Tuesday, December 14, 2010

Supervisors Extend Child Abuse Prevention Program

Supervisor Don Knabe, Fourth District               822 Kenneth Hahn Hall of Administration              Los Angeles  90012





FOR IMMEDIATE RELEASE                           Contact:          Cheryl Burnett

                  (213) 974-1095






LOS ANGELES, December 14, 2010 – The Los Angeles County Board of Supervisors today approved extending the Prevention Initiative Demonstration Project (PIDP), following recent studies illustrating the success of the program in preventing child abuse and neglect.

The PIDP was the result of a joint motion by Supervisors Don Knabe and Zev Yaroslavsky in February of 2008 to test a broad spectrum of services that would seek to prevent child abuse by working proactively with at-risk families before they would come to the attention of the child welfare system.  A critical element of the project was to focus on addressing the broader root causes within communities that weaken families and impede healthy childhood development – such as social isolation, lack of economic opportunities and a little or no access to municipal services.

            “Instead of focusing our efforts on providing services after a crisis occurs, this program – the first of its kind in the nation – has shown that moving our resources into prevention can empower and strengthen at–risk families and keep them out of the system,” said Supervisor Knabe.  “Through partnerships with community and faith-based organizations, we are able to proactively build a sense of community which helps families address problems before a crisis occurs.”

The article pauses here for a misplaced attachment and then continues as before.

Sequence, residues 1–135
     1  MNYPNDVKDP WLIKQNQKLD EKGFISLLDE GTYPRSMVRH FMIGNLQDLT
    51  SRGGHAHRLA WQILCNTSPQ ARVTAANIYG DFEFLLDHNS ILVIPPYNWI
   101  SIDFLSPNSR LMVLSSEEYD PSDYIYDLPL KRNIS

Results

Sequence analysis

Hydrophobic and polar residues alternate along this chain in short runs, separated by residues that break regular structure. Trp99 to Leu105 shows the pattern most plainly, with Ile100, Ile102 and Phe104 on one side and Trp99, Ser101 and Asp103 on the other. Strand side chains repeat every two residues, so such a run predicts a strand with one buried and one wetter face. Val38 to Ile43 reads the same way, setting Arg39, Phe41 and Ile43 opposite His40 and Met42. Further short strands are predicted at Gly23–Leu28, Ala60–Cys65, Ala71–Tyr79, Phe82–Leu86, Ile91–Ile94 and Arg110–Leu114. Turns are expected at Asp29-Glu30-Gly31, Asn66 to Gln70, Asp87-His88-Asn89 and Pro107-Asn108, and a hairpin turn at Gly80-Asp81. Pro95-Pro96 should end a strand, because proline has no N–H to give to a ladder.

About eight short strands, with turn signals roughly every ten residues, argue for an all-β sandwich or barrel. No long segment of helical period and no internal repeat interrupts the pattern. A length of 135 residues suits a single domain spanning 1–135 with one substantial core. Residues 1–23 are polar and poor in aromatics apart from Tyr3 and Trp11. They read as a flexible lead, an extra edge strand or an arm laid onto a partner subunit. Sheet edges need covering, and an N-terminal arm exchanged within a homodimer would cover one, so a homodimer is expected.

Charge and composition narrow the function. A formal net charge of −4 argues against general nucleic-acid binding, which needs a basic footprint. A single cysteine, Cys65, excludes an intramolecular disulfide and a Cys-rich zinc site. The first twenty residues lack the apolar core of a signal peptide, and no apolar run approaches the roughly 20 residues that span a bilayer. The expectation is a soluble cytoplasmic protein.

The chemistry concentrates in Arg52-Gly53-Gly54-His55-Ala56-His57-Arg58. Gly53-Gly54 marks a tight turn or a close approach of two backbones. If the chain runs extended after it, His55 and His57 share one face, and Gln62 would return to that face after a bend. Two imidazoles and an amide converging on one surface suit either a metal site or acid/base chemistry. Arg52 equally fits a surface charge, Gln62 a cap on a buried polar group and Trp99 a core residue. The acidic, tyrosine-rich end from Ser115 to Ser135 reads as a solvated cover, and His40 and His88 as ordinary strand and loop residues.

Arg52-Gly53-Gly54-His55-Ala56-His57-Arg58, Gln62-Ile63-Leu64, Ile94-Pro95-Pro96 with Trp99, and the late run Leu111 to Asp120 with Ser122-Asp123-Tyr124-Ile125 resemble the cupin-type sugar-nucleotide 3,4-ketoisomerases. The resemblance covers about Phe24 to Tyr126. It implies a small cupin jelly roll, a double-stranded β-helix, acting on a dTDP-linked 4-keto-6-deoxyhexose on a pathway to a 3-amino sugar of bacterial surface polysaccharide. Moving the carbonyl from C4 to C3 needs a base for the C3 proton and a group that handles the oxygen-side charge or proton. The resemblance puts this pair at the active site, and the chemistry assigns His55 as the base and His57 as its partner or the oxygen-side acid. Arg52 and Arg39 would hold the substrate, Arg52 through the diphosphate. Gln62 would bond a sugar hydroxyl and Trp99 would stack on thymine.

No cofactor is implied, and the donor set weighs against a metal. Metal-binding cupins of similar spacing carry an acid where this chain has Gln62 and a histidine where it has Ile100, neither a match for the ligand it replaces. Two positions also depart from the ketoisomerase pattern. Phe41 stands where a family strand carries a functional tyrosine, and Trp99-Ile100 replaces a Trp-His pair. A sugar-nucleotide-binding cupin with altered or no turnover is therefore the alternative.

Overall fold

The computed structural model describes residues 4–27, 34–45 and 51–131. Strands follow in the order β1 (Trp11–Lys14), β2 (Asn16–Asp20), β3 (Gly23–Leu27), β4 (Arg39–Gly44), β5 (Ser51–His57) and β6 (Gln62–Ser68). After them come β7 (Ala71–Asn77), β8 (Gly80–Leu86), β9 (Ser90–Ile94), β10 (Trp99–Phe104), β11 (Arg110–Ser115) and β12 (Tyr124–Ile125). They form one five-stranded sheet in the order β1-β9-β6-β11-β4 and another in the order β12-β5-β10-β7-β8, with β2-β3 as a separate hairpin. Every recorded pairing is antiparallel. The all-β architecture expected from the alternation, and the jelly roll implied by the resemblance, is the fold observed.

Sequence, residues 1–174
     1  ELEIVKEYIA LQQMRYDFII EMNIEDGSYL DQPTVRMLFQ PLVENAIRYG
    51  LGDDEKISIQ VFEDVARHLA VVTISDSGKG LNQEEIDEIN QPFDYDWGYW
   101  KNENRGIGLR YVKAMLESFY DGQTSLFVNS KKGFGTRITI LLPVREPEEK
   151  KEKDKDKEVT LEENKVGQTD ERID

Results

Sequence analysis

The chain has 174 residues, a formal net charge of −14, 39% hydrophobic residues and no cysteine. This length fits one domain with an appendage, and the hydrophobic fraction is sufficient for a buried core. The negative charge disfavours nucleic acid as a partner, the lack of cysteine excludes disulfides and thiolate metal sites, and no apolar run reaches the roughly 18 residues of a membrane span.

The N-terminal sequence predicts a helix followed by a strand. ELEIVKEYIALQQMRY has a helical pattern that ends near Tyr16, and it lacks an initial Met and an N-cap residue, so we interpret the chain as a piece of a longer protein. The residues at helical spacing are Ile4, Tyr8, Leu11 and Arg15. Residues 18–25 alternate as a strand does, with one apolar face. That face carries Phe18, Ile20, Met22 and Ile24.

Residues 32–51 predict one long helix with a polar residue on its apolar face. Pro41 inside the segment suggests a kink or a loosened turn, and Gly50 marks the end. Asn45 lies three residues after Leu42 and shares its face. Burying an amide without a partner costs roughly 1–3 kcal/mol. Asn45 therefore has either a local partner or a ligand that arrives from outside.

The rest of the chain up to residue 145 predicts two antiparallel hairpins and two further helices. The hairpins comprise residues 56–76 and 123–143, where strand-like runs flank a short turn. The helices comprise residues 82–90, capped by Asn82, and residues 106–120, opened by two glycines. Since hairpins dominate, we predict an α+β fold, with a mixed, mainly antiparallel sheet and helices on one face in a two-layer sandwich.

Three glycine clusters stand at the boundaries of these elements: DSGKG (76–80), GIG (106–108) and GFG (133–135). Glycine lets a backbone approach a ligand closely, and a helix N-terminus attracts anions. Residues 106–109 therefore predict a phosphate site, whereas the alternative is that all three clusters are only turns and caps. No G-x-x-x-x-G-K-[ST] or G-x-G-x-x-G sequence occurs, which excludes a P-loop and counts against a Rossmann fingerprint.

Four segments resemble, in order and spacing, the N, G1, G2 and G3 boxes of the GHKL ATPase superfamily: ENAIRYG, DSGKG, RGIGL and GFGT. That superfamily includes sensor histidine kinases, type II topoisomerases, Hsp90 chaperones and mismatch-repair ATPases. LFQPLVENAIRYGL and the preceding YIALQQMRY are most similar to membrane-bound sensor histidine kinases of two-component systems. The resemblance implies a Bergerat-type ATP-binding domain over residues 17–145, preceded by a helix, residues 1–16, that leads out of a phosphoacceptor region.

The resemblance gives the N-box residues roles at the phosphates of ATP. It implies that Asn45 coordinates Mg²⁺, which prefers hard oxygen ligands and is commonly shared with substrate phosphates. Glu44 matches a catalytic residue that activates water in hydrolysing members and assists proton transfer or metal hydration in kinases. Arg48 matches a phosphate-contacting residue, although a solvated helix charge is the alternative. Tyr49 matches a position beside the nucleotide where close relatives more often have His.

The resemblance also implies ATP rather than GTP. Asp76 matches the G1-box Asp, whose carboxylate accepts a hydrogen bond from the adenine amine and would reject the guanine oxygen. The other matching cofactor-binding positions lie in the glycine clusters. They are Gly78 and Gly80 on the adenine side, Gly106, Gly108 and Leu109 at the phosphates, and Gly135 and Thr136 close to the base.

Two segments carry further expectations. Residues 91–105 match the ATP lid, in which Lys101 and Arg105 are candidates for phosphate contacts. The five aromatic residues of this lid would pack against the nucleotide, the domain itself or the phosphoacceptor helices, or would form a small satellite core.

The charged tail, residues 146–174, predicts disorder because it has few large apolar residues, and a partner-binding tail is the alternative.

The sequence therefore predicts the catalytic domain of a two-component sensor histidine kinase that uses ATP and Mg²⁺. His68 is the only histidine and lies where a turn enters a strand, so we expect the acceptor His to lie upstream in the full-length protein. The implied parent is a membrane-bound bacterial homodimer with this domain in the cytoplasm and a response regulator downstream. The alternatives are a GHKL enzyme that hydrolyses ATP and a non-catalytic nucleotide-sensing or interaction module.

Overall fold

PIDP is in its second year of a three year demonstration.  In that time, 18,000 people have been touched by the program, of which 13 percent were families involved with the Department of Children and Family Services (DCFS) or were from communities with the most abuse referrals.  Analysis of the program, provided by Casey Family Programs, has found it to be very effective in both keeping at-risk families out of the system and strengthening families already involved with DCFS so they do not return or leave oversight more quickly. 

Major findings included:

·       Proactively engaging families with ‘unfounded’ or ‘inconclusive’ Emergency Response referrals decreased re-referrals

·       Providing the types of services PIDP offers to families in the system shortens the amount of time they are involved with DCFS

·       Establishing a sense of community, through family visitation centers at churches, Neighborhood Action Councils and community walk-in centers, were the most successful in strengthening at-risk families



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